Around the world, authoritarian governments seized the pandemic as an opportunity to increase their grip on power. In Poland, the ruling Law and Justice party attacked the social partners before moving on to assault women’s rights. Trade unionist Adam Rogalewski analyses the party’s opportunistic attempt on trade union rights, explaining the links to growing attacks on LGBT people and reproductive rights, and drawing lessons for the struggle over Poland’s future.

Polish trade unions have been challenged by shrinking memberships and declining power for a long time. Since 2015, the right-wing populist party Law and Justice (PiS) has confronted unions not only through assaults on fundamental rights and the rule of law but also by hijacking their social policies.[1] With Covid-19, the mask has slipped to reveal that PiS’s only objective is authoritarianism, not social rights. In true populist fashion, the party used employment and social rights to win elections but is hostile to any external power base. The pandemic was an opportunity for PiS to attempt to dismantle Poland’s already weak social dialogue and attack reproductive rights. However, trade unions have, if anything, emerged stronger and new possibilities have opened up. If the opposition can recapture the issue of social rights, it could make progress against right-wing populism.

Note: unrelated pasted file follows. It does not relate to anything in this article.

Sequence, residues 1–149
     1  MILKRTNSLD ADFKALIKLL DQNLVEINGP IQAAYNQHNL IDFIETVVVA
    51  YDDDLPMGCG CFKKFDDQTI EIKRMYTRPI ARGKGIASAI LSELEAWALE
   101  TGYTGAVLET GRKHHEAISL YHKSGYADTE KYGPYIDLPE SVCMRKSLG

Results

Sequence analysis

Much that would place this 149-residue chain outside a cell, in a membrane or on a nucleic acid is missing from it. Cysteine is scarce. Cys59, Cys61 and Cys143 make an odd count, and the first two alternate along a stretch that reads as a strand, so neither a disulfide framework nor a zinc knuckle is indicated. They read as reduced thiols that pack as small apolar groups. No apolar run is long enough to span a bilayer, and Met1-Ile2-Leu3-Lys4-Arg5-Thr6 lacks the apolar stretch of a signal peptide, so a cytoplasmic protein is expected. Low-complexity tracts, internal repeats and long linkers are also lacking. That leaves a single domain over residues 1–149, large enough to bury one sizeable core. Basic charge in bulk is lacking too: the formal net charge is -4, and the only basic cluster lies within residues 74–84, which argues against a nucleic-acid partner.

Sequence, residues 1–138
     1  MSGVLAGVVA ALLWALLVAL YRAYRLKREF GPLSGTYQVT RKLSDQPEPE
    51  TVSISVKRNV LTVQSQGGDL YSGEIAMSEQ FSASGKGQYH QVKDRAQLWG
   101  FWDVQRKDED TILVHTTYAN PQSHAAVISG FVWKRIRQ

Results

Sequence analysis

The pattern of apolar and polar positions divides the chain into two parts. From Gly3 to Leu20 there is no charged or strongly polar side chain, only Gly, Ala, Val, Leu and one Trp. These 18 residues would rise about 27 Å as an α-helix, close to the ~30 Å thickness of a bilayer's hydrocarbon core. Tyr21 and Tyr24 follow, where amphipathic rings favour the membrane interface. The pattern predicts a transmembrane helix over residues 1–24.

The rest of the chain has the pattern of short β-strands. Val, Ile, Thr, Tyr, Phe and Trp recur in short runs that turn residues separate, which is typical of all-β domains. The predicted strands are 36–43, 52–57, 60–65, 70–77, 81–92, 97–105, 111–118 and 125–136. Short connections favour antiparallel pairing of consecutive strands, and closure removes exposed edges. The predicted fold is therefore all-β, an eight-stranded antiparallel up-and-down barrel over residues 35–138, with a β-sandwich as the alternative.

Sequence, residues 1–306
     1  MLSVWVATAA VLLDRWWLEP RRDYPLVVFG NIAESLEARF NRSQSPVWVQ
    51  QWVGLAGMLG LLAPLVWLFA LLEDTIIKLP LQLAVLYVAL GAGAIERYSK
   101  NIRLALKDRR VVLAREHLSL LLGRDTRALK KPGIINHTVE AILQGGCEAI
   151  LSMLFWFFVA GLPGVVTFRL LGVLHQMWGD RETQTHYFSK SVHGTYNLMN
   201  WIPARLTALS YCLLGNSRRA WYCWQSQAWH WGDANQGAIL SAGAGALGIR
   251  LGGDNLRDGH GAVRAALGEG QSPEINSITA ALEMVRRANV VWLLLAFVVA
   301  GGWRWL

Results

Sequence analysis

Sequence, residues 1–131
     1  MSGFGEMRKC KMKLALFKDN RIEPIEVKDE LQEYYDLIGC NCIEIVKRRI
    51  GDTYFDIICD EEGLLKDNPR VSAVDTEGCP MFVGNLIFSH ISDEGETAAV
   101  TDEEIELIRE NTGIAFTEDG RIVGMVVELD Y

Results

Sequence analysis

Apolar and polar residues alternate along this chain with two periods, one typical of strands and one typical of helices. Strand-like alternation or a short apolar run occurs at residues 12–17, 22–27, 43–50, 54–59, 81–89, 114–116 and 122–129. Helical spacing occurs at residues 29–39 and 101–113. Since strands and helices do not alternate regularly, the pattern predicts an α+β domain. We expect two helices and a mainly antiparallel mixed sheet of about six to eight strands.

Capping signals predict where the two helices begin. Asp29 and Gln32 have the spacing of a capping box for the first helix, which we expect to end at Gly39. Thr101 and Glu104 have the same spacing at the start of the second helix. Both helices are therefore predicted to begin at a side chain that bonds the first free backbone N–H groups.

From neoliberalism to authoritarian populism

Between 2007 and 2015, Poland was governed by the Civic Platform (PO). During this time, work in Poland became increasingly precarious, the retirement age was raised, and social partners were sidelined. Towards the end of its time in office, PO changed its stance and introduced improvements to social dialogue, but it was too little, too late. In 2015, PiS came to power on a platform of social policies, most notably a substantial child benefit package. As David Ost has argued, Law and Justice emerged in opposition to the liberalism of the first post-communist decade. In its place, the party called for reviving “traditional values” and a strong state. After a landslide win in 2015, Law and Justice delivered on its social promises early. Ever since, the minimum wage has steadily been raised to reach almost half the median wage (an increase from 1750 to 2250 złoty between 2015 and 2019). Higher pensions and free medical prescriptions attracted support from older voters, while many trade union demands, such as a minimum wage for freelancers, were met.